Tech Stuff

Hybrid vehicle air conditioning service

Craig Van Batenburg of ACDC explains the critical handling safety concerns when testing voltage once the HV battery has been removed from a Prius HV.
<p>Craig Van Batenburg of ACDC explains the critical handling safety concerns when testing voltage once the HV battery has been removed from a Prius HV.</p>

There are over 1.5 million Toyota hybrid vehicles in North America (and well over 2 million hybrids total, including Toyota and other brands). Even though these numbers represent perhaps less than 1% of the total North America vehicle population, it’s evident that hybrids are here to stay, and their population will increase. Based on this, it’s time to become familiar with A/C systems in hybrids.

Before attempting any service to the A/C system, you need to be aware of important battery voltage concerns. Remember, hybrids don’t feature a traditional 12-volt battery alone; a high voltage (HV) battery pack is present that, in the case of the Prius, contains from 201 to 273 volts. It’s vital to be familiar with the power system before attempting any service work. We strongly suggest obtaining HV training, either from Toyota or from an independent hybrid specialist training center.

Hybrid battery basics

While there are several variants of hybrid designs among the OEMs, here we’ll take a specific look at the most popular, Toyota’s Prius hybrid.

One of the notable features relates to the battery approach. The hybrid features two battery “divisions”: an HV 201 or 273-volt trunk-mounted AGM (absorbent glass mat) battery group, and a 12-volt auxiliary battery. If charging is required, the primary battery group (AGM) must be either trickle-charged or charged with a charger that is rated for AGM. Otherwise, irreversible battery damage could result. The 12-volt auxiliary battery (this is assigned to provide power to various 12-volt accessories) maintains its charge via a DC-DC converter (instead of using an alternator).

The 2001-2003 Prius (referred to as Gen 1) features a 273-volt HV battery, while 2004-2009 Prius models (Gen II) feature a 201-volt battery. The later generation features a NiMH (Nickel Metal Hydride) battery pack. A “boost inverter” was added to raise the voltage used by MG2 to up to 650 volts in order to boost vehicle acceleration performance.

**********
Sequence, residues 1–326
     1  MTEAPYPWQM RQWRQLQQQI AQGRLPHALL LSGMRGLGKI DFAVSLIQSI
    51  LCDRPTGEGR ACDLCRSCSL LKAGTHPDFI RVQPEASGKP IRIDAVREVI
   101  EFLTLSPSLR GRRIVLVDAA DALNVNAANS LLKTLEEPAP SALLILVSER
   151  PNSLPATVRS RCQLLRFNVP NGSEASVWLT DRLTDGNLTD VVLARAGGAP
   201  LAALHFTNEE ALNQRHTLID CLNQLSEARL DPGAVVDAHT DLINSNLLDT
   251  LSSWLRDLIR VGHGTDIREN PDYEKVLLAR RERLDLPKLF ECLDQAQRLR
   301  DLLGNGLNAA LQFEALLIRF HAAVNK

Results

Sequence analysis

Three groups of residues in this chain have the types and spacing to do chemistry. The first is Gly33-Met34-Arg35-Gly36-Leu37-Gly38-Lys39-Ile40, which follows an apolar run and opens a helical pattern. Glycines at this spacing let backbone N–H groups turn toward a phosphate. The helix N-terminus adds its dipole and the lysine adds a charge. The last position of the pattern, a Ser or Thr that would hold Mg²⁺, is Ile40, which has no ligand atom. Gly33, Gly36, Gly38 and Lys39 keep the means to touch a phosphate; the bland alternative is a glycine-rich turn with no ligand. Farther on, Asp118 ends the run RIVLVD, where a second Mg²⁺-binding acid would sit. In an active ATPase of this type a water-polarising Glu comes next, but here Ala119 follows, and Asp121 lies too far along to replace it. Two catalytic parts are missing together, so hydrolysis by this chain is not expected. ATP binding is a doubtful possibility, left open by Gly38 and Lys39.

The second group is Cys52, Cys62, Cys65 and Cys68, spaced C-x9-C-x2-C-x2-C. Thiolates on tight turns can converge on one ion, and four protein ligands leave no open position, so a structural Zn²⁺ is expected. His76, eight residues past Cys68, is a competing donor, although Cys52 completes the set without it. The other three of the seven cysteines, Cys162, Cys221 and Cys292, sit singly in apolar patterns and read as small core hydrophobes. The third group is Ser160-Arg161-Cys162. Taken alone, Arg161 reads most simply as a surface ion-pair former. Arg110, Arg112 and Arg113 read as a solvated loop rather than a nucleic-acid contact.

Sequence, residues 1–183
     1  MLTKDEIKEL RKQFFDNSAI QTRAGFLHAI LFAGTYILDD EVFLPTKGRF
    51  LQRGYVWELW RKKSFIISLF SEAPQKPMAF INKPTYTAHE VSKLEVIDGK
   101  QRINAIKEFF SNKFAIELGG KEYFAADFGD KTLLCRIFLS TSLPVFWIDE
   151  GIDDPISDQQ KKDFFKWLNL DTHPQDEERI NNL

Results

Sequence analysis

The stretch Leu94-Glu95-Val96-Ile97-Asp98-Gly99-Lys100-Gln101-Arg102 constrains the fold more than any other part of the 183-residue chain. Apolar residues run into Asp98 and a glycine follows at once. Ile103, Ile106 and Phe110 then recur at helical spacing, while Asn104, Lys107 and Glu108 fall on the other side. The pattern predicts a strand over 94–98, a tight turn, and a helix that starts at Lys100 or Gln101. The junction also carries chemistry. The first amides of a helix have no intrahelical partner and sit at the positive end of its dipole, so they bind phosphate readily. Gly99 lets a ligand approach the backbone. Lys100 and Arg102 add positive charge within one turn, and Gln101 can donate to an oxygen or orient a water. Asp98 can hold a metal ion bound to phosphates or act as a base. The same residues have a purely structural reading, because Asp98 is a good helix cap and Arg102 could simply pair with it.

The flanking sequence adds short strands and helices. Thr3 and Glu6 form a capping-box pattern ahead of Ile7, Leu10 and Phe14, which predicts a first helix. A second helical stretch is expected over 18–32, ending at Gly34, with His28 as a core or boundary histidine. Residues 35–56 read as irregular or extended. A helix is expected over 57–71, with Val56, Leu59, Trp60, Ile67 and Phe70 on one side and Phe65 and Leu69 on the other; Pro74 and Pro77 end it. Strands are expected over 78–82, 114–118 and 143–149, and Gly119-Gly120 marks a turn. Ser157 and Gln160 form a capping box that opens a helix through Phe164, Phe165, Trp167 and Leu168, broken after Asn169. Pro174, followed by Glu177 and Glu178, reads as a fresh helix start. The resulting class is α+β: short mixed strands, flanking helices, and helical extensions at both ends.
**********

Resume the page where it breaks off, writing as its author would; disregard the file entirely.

High voltage powers the A/C compressor, electric motor, generator and inverter/converter. All other conventional automotive electrical devices such as headlights, radio, gauges, etc., are powered by a separate 12-volt auxiliary battery. Numerous safeguards have been designed into the Prius hybrid to ensure that the high voltage Lithium-ion Hybrid Vehicle (HV) battery pack is kept safe and secure in an accident. The Li-ion HV battery pack contains sealed batteries that are similar to rechargeable batteries used in some battery-operated power tools and other consumer products (but at a much higher voltage). The electrolyte is absorbed in the cell plates and will not normally leak out, even if the battery is cracked.

Prius Gen II (2004-2009) compressor with rotor removed and stator still in case.
<p>Prius Gen II (2004-2009) compressor with rotor removed and stator still in case.</p>

In the unlikely event the electrolyte does leak, it can be easily neutralized with a diluted boric acid solution or vinegar.

The HV battery pack is enclosed in a metal case and is mounted to the cargo floor pan cross member behind the rear seat. The metal case is isolated from high voltage and concealed by carpet in the cabin area. The auxiliary 12-volt battery (in the 2010 model, for example) is mounted in the right rear quarter panel area.

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